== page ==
An injured victim is transported to an ambulance Wednesday after masked gunmen stormed the Paris offices of satirical newspaper Charlie Hebdo. THIBAULT CAMUS/THE ASSOCIATED PRESS

By Elaine Ganley and Lori Hinnant The Associated Press

PARIS — Police hunted Thursday for two heavily armed men with possible links to al-Qaida in the military-style, methodical killing of 12 people at the office of a satirical newspaper that caricatured the Prophet Muhammad. President Francois Hollande, visiting the scene of France’s deadliest such attack in more than half a century, called the assault on the weekly newspaper Charlie Hebdo “an act of exceptional barbarism.” France raised its terror alert system to the maximum — Attack Alert — and bolstered security with more than 800 extra soldiers to guard media offices, places of worship, transport and other sensitive areas. Fears had been running high in France and elsewhere in Europe that jihadis trained in warfare abroad would stage attacks at home. French brothers Said and Cherif Kouachi, in their early 30s, should be considered armed and dangerous, according to a police bulletin released early Thursday. A third suspect, Mourad Hamyd, 18, surrendered at a police station in CharlevilleMezieres, a small town in France’s eastern Champagne region, said Paris prosecutor’s spokeswoman Agnes Thibault-Lecuivre. She did not offer details on Hamyd’s relationship with the men.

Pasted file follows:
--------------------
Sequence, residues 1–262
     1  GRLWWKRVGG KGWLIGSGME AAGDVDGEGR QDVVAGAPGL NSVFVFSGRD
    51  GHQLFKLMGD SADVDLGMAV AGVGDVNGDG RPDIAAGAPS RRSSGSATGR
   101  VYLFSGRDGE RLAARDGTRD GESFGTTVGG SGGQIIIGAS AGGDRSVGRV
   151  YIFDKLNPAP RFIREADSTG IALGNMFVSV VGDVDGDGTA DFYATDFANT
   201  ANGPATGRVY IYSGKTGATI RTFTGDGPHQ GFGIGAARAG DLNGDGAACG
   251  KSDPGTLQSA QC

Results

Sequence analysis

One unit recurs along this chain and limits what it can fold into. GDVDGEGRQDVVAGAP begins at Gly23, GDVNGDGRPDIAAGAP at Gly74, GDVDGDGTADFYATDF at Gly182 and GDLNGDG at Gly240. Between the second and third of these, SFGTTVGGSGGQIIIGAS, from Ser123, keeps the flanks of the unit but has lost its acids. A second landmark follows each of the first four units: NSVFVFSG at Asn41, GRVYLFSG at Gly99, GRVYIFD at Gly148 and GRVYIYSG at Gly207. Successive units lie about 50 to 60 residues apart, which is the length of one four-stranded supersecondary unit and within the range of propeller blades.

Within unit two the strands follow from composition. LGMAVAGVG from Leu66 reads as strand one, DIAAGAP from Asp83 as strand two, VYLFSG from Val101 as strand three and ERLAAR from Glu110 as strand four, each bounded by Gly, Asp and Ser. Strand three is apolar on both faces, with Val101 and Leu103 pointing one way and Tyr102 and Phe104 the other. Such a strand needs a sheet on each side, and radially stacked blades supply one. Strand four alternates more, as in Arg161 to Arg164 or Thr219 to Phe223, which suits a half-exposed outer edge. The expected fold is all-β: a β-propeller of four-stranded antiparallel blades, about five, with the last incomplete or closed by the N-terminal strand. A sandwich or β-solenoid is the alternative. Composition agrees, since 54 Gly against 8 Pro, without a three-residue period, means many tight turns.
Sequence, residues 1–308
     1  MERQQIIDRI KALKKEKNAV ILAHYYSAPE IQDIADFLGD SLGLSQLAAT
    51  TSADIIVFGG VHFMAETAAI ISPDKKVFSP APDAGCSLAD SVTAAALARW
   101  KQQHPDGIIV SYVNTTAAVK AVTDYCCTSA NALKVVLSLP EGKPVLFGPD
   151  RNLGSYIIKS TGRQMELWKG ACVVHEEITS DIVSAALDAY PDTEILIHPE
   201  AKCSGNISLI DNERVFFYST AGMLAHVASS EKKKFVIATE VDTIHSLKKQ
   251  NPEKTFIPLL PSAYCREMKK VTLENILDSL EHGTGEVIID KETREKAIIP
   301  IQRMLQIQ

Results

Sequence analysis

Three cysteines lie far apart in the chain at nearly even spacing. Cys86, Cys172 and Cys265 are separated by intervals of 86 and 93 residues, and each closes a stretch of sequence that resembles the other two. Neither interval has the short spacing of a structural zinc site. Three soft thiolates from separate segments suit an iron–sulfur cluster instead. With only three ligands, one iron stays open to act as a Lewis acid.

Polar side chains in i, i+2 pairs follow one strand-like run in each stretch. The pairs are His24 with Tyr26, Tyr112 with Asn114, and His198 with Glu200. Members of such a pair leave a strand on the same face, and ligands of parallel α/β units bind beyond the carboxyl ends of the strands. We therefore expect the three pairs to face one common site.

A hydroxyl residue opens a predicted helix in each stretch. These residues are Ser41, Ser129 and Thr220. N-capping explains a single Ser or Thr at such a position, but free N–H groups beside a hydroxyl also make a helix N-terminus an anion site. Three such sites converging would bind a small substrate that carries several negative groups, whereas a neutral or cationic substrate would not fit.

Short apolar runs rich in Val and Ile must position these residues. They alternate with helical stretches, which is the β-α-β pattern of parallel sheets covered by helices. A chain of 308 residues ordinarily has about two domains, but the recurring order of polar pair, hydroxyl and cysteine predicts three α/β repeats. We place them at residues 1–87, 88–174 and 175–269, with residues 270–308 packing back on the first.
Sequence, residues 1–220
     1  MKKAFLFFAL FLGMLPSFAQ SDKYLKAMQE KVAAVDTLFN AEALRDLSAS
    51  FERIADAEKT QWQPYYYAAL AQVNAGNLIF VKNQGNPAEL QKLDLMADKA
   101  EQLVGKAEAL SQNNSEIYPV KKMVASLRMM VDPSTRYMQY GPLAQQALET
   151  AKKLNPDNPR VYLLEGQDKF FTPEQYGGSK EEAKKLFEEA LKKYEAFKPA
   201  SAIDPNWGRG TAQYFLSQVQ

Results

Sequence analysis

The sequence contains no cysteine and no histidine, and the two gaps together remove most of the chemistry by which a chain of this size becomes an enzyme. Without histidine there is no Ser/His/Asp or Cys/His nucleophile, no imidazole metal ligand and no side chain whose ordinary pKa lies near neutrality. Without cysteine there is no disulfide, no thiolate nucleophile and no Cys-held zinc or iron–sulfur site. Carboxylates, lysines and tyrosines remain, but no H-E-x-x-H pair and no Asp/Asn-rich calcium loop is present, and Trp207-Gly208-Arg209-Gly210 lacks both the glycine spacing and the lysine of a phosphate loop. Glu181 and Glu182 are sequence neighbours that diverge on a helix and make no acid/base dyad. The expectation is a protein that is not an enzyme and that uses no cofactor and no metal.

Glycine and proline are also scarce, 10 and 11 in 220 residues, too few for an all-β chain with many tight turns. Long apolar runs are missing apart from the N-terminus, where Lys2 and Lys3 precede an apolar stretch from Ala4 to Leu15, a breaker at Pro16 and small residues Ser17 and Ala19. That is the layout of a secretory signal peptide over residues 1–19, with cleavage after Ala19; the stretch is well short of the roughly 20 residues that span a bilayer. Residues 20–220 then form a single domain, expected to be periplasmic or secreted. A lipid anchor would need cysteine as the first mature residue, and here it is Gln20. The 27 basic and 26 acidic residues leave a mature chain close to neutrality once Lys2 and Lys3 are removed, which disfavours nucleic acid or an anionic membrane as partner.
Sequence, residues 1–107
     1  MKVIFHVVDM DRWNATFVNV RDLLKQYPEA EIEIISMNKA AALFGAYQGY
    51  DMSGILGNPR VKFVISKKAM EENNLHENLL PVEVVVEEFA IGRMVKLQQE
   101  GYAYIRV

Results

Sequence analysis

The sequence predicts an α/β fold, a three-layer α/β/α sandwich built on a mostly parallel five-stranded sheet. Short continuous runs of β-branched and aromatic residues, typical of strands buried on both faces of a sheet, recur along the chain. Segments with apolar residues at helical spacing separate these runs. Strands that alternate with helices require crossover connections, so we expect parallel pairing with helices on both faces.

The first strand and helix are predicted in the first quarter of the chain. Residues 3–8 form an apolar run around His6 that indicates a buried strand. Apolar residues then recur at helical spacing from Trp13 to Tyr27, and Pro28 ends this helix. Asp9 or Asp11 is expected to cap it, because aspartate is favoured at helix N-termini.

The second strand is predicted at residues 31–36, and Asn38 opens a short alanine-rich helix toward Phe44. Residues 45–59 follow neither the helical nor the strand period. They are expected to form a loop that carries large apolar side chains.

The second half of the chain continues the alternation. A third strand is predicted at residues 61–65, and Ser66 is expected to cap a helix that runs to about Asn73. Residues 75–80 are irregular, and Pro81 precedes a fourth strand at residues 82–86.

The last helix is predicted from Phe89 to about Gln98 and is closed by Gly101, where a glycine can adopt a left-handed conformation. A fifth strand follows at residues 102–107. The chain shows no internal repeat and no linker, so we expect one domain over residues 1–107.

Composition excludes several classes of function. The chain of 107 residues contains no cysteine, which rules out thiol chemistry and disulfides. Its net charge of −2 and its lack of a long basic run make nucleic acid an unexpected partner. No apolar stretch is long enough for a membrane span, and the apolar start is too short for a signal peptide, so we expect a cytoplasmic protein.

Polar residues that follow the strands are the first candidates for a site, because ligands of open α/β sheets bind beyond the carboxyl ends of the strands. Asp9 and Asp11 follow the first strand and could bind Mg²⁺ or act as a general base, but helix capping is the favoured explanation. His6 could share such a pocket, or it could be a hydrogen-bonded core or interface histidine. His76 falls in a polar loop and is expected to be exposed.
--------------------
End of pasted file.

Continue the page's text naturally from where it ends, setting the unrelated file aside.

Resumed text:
Please see ATTACK, Page A-4

INSIDE u In Europe, fears of backlash. PAGE A-4 u Cartoonists among the dead. PAGE A-4

Paris residents captured chilling video images of the gunmen shooting and killing a police officer. THE ASSOCIATED PRESS

For irreverent newspaper, no subject is off-limits By Anthony Faiola The Washington Post